The following information is based on a prefabrication and modularization study conducted by McGraw-Hill Construction. The research aimed to assess the modular construction process and its impact on construction productivity utilizing quantitative data and qualitative interviews. The study contained 809 participants including architects, contractors, and engineers with modular and traditional construction backgrounds. Please read the whole report here.
Management of on-site construction activities subcontractor coordination often causes delays. Weather and site conditions such as traffic and noise bylaws may also delay projects even further. Long construction schedules leave companies vulnerable to material cost fluctuations.
66% of A/E/C professionals using Modular Construction report that project schedules are decreased. 35% report that project schedules are decreased by 4 weeks or more. Reason: Year round construction regardless of weather, short construction due to concurrent work, controlled storage facilities, smart material procurement practices.
Cost & Budget
The U.S. Bureau of Labor Statistics found that 57% of activities in construction are non-value adding and wasteful. If the construction technique is not lean then you are paying for inefficiencies.
65% of A/E/C professionals using Modular Construction report that project budgets are decreased. 41% report that project budgets are decreased by 6% or more. Reason: Planning and Construction efficiency
According to the U.S. Environmental Protection Agency, a standard new building project produces an average of 3.9 pounds of waste per square foot.
62% of A/E/C professionals using Modular Construction report that the amount of materials used at site is decreased. 27% report that site waste is decreased by 5% or more.
The U.S. Environmental Protection Agency estimates that 164 million tons of building-related waste are generated in the United States annually.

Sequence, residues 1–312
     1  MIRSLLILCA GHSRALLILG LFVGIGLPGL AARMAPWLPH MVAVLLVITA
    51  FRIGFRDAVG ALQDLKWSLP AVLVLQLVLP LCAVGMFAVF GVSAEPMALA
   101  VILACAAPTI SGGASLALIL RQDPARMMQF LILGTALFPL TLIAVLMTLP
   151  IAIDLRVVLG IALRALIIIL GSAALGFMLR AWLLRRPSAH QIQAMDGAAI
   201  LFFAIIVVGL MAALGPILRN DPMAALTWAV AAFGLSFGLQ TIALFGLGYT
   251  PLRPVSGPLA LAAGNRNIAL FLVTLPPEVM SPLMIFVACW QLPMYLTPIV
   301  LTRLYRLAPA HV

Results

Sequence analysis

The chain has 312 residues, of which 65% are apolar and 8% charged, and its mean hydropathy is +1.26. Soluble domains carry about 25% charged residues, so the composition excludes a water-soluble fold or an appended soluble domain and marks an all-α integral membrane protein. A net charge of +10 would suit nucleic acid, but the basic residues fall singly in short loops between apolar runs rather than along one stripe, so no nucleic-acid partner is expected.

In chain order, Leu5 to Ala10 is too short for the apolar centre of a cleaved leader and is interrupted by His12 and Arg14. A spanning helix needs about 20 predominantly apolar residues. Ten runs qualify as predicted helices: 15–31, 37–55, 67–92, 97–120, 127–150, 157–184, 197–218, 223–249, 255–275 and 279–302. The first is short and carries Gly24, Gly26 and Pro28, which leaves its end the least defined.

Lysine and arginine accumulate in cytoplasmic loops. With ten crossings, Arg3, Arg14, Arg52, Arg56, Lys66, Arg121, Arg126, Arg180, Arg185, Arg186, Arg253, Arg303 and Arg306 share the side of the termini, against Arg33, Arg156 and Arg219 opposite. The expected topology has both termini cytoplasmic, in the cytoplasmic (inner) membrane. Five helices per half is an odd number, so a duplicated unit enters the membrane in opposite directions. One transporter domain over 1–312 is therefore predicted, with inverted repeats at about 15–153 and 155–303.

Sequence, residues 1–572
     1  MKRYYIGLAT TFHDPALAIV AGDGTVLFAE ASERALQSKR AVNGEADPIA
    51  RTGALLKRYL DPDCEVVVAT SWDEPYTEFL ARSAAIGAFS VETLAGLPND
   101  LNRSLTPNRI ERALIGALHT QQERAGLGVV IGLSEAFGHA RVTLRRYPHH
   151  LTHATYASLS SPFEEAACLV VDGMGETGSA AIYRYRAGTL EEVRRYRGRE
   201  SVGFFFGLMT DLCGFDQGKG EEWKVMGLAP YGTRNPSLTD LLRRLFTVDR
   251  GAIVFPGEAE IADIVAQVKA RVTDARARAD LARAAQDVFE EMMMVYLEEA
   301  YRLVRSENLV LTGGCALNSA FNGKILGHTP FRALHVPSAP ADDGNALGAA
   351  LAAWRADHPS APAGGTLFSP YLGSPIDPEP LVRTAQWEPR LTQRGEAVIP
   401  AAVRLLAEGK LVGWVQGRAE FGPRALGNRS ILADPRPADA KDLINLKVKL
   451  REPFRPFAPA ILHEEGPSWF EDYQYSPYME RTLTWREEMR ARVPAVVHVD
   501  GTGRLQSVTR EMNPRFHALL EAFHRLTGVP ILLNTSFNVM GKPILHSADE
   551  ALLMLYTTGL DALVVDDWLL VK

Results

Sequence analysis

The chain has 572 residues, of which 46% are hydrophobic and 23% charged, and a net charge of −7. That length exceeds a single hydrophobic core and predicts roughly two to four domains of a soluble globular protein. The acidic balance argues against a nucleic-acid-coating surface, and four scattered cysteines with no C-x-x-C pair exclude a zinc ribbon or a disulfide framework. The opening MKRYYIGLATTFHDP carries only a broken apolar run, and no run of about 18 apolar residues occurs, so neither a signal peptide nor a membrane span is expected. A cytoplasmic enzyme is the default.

77% of A/E/C professionals using Modular Construction report that site waste is decreased. 44% report that site waste is decreased by 5% or more. A recent study by the Waste & Resources Action Program (WRAP) shows that a 90% waste reduction can be achieved by increasing the use of off-site construction.
Material and Installation Cost
Construction materials may be purchased ahead of time, but may require multiple trips to on-site location. Materials left on-site may be damaged due to weather and are prone to theft.
47% of A/E/C professionals using Modular Construction report that material purchase and installation costs decreased. 30% report that site waste is decreased by 6% or more. Reason: Bulk purchasing, dry material storage, and assembly line construction.
According to the United States Department of Labor, falls, struck by objects, and electrocutions were the leading cause for incidents in construction sites in 2017.
37% of A/E/C professionals using Modular Construction report that site safety increases. Contributing factors to the increase in safety include: a reduced need for workers on scaffolding or ladders and a decrease in work done in tight spaces.
Quality of construction is dependent on how well materials are stored and transferred to site-location.
65% of A/E/C professionals using non-modular construction techniques report that project quality is improved. 15% report that there is a very high impact on project quality. Reason: constructing in a controlled environment and the ability to fabricate without scaffolding and ladders.
Whole construction teams must be paid to travel to and from the site each day. Several truckloads must be done to take material to site for each project.
83% of A/E/C professionals using non-modular construction techniques report that modular construction leads to a reduction of onsite resources. Manpower and equipment on-site are largely reduced due to 80% completion of the project done in the factory.